Armenia: Questions over Diaspora Millions

The Armenian diaspora has spent millions on ambitious infrastructure projects in the mother country – but has the money been well spent?

Armenia: Questions over Diaspora Millions

The Armenian diaspora has spent millions on ambitious infrastructure projects in the mother country – but has the money been well spent?

A charitable fund set up by Armenian American billionaire Kerk Kerkorian is this month completing the biggest-ever aid project in Armenia, worth scores of millions of US dollars.

The Lincy Foundation has been reconstructing roads and houses in the Spitak region which was devastated by the 1988 earthquake, as well as repairing central streets and historical landmarks in the capital Yerevan.

The 160 million dollar investment is an enormous sum for a cash-strapped economy like Armenia, totalling 30 per cent of the national annual budget. Armenian government analysts believe that without Lincy’s financing it would have taken the state at least 30 years to complete projects of this scale.

But a debate is underway in Armenia about whether the diaspora money is being put to good use and whether expatriate Armenians should be relied upon to support the economy to such an extent.

Edward Bezoyan, who heads the fund’s road construction programme in Armenia, told IWPR the investment is making a big difference to Armenia. “We’ve seen great progress in the construction industry and related infrastructure,” he said, arguing that all Lincy projects make perfect sense economically. “Good roads are the groundwork of economic growth.”

Romik Manukian, governor of the northern Shirak Region, agreed that construction is by far Armenia’s greatest priority at the moment, and praised Lincy for building long-awaited quality housing for families made homeless by the Spitak quake.

“Lincy is not only helping housing construction, it has been working to improve the entire economy and social sector. New roads have greatly improved the psychological climate in Gyumri,” Manukian told IWPR.

But Tatul Manaserian, economics professor and Armenian opposition deputy, is less convinced, saying the latest programme was not a big priority for Armenia.

“Of course any kind of aid of this sort is important for a poor country like Armenia, but the fact that we are poor makes it much more important to spend the money well,” he told IWPR.

Manaserian questions the long-range economic rationale of prioritising roads and is concerned that none of the funds provided by Lincy to Armenia has been spent on the country’s moribund industry.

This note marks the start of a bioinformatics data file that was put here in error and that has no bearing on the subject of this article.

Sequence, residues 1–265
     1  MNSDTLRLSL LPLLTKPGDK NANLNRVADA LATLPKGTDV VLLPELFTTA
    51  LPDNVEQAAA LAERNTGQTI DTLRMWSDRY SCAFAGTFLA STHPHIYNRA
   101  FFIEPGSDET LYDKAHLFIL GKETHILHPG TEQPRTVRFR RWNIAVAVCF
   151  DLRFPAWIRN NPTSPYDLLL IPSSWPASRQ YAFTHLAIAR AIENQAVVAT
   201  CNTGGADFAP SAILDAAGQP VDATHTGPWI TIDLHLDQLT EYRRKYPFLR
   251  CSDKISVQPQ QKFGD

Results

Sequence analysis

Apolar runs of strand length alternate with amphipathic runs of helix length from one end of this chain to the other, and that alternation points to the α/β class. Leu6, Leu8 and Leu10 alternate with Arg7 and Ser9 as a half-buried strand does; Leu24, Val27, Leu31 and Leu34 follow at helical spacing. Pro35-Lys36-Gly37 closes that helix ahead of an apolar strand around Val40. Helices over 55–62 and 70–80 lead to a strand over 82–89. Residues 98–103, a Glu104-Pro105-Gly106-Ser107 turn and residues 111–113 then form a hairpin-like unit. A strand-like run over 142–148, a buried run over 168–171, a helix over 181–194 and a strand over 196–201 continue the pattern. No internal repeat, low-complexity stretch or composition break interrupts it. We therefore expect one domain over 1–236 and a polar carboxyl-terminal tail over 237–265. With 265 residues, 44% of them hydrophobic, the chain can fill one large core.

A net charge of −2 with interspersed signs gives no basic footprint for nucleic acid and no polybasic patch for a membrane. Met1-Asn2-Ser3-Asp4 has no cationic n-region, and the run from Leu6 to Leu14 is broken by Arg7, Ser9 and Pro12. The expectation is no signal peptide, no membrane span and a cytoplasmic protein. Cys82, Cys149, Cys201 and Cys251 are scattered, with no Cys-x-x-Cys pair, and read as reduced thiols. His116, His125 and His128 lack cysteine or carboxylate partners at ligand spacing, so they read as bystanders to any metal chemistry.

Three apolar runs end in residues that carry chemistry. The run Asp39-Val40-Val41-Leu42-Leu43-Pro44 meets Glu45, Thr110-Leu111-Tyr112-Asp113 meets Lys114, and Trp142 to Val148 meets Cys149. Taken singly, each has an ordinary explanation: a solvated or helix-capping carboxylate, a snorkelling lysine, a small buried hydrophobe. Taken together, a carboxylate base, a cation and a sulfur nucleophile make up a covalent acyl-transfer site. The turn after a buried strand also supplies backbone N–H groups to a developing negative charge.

In addition, he claimed that the implementation of some of the foundation’s programmes was flawed, reflecting the views of a number of opposition deputies.

“The Yerevan-Ashtarak highway was in a relatively good condition, but they broke the existing paving and replaced it with a very thin asphalt coating,” he said. “I had a chance to see the scale of the work done there and, measuring it against the amounts spent, I believe large sums of money had gone missing.”

Bezoyan denied the allegations, saying that the overall quality of the construction work was high, and if there were any shortcomings, the contractors were obliged to do the work again at their own expense.

After suffering economic collapse following independence in 1991, the Armenian economy has shown modest signs of recovery in recent years, posting some of the highest growth figures in the Commonwealth of Independent States of around 10 per cent per year.

However, some experts are warning that much of that is due to diaspora projects such as Lincy’s and the economy will suffer a slowdown when its programmes come to an end.

The shock will come next spring, warns Gagik Atabekian of the non-governmental think tank, the Centre for Economic Studies. “Around 20,000 people were employed in Lincy projects, and they earned around 25 million dollars in salaries,” Atabekian said. “It is hard to predict what will happen to Armenia’s already fragile economy unless these programmes continue or are replaced.”

The foundation is currently deciding whether and how to continue its programmes in Armenia. Even President Robert Kocharian admitted recently that he does not know what the outcome of their deliberations will be.

“We have done our best to prove we are a reliable partner who can take on major projects and complete them to high standards and on time,” Kocharian said, visiting a Lincy construction project.

The president said that the Armenian economy could withstand the withdrawal of Lincy and the government would be able to afford more construction projects, albeit on a more modest scale.

“That is absurd,” responded Atabekian. “Economic growth in recent years has been driven precisely by these large-scale construction projects, which we owe entirely to Lincy. Once these projects are finished, Armenia’s GDP will plummet, and construction funding will no longer be possible.”

Atabekian said after an initial rush of enthusiasm following independence, diaspora philanthropists were much more cautious about spending their money in Armenia, citing corruption and red tape as obstacles, “Many Armenian expats who sought to invest here have pulled out due to bureaucratic hurdles.”

He argued that the Armenian economy needed a good legislative framework and investor climate to foster smaller businesses, “Then our economy will no longer be dependent on one big source of funding, and our compatriots abroad will give money not out of charity but from commercial considerations. When this happens, diaspora money will do us more good than it has so far.”

Tigran Avetisian is a reporter for Aravot newspaper

Support our journalists